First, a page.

The objective of this study was to (i) evaluate the effect of cover crop mixtures vs a no-cover crop control on soil chemical and biological properties and (ii) assess whether precision planting increase or decrease soil nutrients, soil permanganate oxidizable carbon (POXC) and carbon (SOC) stocks “on” and “off” the corn row over three depths (0-5, 5-20, and 20-90 cm) after five years. Treatments were (i) a no-cover crop control (NCC); (ii) no cover on corn row, hairy vetch (V) on middle row, and winter cereal rye (WCR) on the outside row of corn (NOVR); and (iii) oats and radishes on the corn row, V on the middle row, and WCR on the outside row (ORVR). Our results indicated NCC had lower SOC stocks than the NOVR and ORVR only at 0-5 cm depth. We found that POXC was more sensitive to changes in soil C and POXC was higher in ORVR at 2-8 cm than NCC. At 0-5 cm depth, cover cropping increased soil test P (STP). Soil test P declined over depth reflecting its immobility in the soil. Soil test K (STK) was higher in cover crop treatments than the no-cover crop control at 0-5 cm depth. Soil test K was higher on corn row indicating both cover crops (oats plus radishes) and corn decomposition and release of K increases STK. Soil test sulfur was similar among treatments but higher at 20-90 cm depth reflecting S leaching. These results indicate cover cropping can benefit soil after five years. Figures for SARE Report

Results for the Upton Jr. North (Springerton Site) and Pike (Marion Site):

Cover Crop Phase:

We have collected cover crop biomass samples, calculated biomass in lbs/acre, processed the cover crop samples and have sent subsamples to lab for analysis for the two on-farm sites for 2020 year and are working on the research farm data currently.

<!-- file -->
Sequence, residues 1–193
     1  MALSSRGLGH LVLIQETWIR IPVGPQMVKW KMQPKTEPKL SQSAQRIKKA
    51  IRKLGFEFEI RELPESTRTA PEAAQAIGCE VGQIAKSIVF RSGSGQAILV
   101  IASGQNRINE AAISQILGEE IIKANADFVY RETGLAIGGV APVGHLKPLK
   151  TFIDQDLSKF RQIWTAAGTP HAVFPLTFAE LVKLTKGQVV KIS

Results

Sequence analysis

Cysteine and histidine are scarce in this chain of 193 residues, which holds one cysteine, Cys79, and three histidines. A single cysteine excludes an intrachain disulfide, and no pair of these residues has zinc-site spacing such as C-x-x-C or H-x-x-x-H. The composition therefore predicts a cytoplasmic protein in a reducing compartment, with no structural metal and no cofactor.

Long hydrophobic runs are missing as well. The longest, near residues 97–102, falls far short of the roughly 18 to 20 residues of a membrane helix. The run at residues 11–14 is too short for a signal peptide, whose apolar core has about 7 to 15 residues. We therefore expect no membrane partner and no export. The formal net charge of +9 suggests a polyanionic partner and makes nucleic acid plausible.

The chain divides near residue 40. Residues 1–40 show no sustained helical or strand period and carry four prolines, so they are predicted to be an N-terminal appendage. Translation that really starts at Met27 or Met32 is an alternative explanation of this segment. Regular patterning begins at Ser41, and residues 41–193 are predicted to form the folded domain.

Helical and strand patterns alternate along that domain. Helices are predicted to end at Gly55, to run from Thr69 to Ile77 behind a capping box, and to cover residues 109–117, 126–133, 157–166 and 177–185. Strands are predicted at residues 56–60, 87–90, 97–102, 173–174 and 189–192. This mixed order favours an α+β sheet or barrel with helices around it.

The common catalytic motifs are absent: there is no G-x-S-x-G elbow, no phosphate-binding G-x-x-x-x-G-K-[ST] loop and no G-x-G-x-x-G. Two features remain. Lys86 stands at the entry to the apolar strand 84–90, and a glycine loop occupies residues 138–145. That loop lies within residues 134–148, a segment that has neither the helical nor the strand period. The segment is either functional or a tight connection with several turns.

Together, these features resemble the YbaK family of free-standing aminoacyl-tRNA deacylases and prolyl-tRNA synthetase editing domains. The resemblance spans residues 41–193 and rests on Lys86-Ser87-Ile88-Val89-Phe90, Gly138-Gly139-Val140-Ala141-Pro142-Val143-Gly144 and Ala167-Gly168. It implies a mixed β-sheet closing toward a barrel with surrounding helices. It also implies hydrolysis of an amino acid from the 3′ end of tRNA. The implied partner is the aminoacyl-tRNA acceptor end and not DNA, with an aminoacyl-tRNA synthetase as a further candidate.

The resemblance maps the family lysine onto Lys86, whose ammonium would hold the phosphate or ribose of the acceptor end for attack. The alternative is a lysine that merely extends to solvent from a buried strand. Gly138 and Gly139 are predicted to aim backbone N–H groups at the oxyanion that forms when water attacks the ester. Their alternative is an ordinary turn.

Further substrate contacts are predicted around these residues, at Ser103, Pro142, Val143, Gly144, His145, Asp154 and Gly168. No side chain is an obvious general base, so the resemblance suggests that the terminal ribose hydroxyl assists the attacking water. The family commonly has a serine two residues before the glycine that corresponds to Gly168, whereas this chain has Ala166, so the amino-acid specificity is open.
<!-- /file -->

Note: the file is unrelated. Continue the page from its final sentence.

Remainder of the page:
We have also collected cover crop biomass samples in the fall 2021 and we will collect biomass samples in spring 2022 and process those as well. 

These data are being analyzed and will be presented at the final project report and will be a part of Justin Berberich MS thesis. 

Corn Phase:

Harvesting dates for grain corn in 2021 were September 22 in Pike's farm (Marion, IL), October 5 in Upton Jr.'s farm (Springerton, IL), and October 5 at the ARC (Carbondale, IL). 

At each site, corn stand count was recorded and 10 ears were harvested. Corn yield components including total kernel weight, kernel weight per ear, number of kernels per ear, and 1000-grain weight. A subsample of corn grain was sent to Brookside Lab for grain nutrient analysis. 

Corn stand density was higher in Marion site (30500 plants ac-1) than the Springerton site (28275 plant ac-1) reflecting on later planting date in the Springerton site. Fig. 1 Stand count. There was a positive and linear relationship between corn stand density and grain yield in Springerton (R2 = 0.69; P<0.01). Per 1000 corn plant increase, corn grain yield increased by 8.4 bu ac-1. This relationship was not as strong in the Marion site (R2 = 0.48).

Corn grain yields (15.5% moisture) were greater in Marion site (248 bu ac-1) than the Springerton site (164 bu ac-1) reflecting on earlier planting and corn. Corn grain yield was not influenced by cover crop or site × cover crop interaction in 2021. Fig. 2. Corn grain yield. However, addition of legumes as cover crops and especially hairy vetch increased corn grain yield by 19 bu ac-1 that although statistically similar to the no cover crop control, it is economically substantial ($124 profit; not including the cover crop costs). These data indicate as our project moves forward, including economic data plays an important role in deciding which cover crop combination could be most profitable for growers in Illinois.

Corn grain yield was most related to the kernel weight ear-1 (g) (R2 = 0.93; P<0.01). Cover crop treatments significantly influenced the kernel weight ear-1. Integrating vetch + oat + rye (OVR) or skipped row vetch (RVskip) resulted in the larger grain size as indicated by heavier kernels ear-1 than the no cover crop control and treatments that included clover. Fig. 3. Corn kernel weight